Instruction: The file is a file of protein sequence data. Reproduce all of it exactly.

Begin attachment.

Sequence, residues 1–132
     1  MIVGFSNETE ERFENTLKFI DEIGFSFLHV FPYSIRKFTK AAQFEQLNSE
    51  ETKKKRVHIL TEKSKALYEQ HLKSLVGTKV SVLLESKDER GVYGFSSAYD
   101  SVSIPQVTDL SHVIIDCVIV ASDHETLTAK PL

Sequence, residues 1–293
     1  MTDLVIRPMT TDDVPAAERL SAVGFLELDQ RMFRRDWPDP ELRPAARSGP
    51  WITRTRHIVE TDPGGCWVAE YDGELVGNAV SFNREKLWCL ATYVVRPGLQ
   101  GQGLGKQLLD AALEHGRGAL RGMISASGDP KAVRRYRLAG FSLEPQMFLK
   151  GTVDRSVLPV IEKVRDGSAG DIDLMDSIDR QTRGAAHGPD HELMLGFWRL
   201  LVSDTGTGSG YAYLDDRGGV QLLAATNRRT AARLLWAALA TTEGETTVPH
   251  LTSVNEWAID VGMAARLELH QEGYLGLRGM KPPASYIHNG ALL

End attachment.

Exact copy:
Sequence, residues 1–132
     1  MIVGFSNETE ERFENTLKFI DEIGFSFLHV FPYSIRKFTK AAQFEQLNSE
    51  ETKKKRVHIL TEKSKALYEQ HLKSLVGTKV SVLLESKDER GVYGFSSAYD
   101  SVSIPQVTDL SHVIIDCVIV ASDHETLTAK PL

Sequence, residues 1–293
     1  MTDLVIRPMT TDDVPAAERL SAVGFLELDQ RMFRRDWPDP ELRPAARSGP
    51  WITRTRHIVE TDPGGCWVAE YDGELVGNAV SFNREKLWCL ATYVVRPGLQ
   101  GQGLGKQLLD AALEHGRGAL RGMISASGDP KAVRRYRLAG FSLEPQMFLK
   151  GTVDRSVLPV IEKVRDGSAG DIDLMDSIDR QTRGAAHGPD HELMLGFWRL
   201  LVSDTGTGSG YAYLDDRGGV QLLAATNRRT AARLLWAALA TTEGETTVPH
   251  LTSVNEWAID VGMAARLELH QEGYLGLRGM KPPASYIHNG ALL